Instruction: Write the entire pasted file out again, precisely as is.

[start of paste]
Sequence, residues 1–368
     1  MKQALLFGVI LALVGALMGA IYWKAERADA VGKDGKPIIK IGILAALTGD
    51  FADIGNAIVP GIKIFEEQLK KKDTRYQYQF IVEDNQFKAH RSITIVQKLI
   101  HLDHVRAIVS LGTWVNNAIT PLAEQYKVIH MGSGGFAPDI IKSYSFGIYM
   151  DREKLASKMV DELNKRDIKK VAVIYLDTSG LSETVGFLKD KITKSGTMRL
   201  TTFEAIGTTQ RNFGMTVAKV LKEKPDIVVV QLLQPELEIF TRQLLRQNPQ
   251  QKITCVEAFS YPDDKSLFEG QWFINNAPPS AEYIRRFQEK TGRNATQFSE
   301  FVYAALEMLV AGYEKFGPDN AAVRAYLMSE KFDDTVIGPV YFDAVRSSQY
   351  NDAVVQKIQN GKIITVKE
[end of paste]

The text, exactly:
Sequence, residues 1–368
     1  MKQALLFGVI LALVGALMGA IYWKAERADA VGKDGKPIIK IGILAALTGD
    51  FADIGNAIVP GIKIFEEQLK KKDTRYQYQF IVEDNQFKAH RSITIVQKLI
   101  HLDHVRAIVS LGTWVNNAIT PLAEQYKVIH MGSGGFAPDI IKSYSFGIYM
   151  DREKLASKMV DELNKRDIKK VAVIYLDTSG LSETVGFLKD KITKSGTMRL
   201  TTFEAIGTTQ RNFGMTVAKV LKEKPDIVVV QLLQPELEIF TRQLLRQNPQ
   251  QKITCVEAFS YPDDKSLFEG QWFINNAPPS AEYIRRFQEK TGRNATQFSE
   301  FVYAALEMLV AGYEKFGPDN AAVRAYLMSE KFDDTVIGPV YFDAVRSSQY
   351  NDAVVQKIQN GKIITVKE